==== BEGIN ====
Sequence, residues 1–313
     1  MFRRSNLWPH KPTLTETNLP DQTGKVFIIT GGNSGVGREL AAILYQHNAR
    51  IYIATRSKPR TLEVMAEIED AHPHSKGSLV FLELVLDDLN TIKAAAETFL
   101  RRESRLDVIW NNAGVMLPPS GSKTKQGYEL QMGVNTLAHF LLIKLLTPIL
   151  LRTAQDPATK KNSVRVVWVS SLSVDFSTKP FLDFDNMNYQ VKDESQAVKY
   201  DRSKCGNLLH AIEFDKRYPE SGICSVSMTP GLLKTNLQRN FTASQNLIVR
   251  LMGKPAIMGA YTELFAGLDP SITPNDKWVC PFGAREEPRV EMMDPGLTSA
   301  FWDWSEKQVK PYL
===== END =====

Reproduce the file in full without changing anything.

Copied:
Sequence, residues 1–313
     1  MFRRSNLWPH KPTLTETNLP DQTGKVFIIT GGNSGVGREL AAILYQHNAR
    51  IYIATRSKPR TLEVMAEIED AHPHSKGSLV FLELVLDDLN TIKAAAETFL
   101  RRESRLDVIW NNAGVMLPPS GSKTKQGYEL QMGVNTLAHF LLIKLLTPIL
   151  LRTAQDPATK KNSVRVVWVS SLSVDFSTKP FLDFDNMNYQ VKDESQAVKY
   201  DRSKCGNLLH AIEFDKRYPE SGICSVSMTP GLLKTNLQRN FTASQNLIVR
   251  LMGKPAIMGA YTELFAGLDP SITPNDKWVC PFGAREEPRV EMMDPGLTSA
   301  FWDWSEKQVK PYL